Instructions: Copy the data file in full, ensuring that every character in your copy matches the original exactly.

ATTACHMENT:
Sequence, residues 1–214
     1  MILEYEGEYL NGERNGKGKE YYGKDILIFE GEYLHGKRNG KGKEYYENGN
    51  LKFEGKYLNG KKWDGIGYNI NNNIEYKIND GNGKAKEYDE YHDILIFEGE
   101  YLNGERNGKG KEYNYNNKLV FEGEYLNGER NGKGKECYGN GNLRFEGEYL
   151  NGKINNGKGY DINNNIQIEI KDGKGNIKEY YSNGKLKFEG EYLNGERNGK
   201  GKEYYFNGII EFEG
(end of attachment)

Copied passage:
Sequence, residues 1–214
     1  MILEYEGEYL NGERNGKGKE YYGKDILIFE GEYLHGKRNG KGKEYYENGN
    51  LKFEGKYLNG KKWDGIGYNI NNNIEYKIND GNGKAKEYDE YHDILIFEGE
   101  YLNGERNGKG KEYNYNNKLV FEGEYLNGER NGKGKECYGN GNLRFEGEYL
   151  NGKINNGKGY DINNNIQIEI KDGKGNIKEY YSNGKLKFEG EYLNGERNGK
   201  GKEYYFNGII EFEG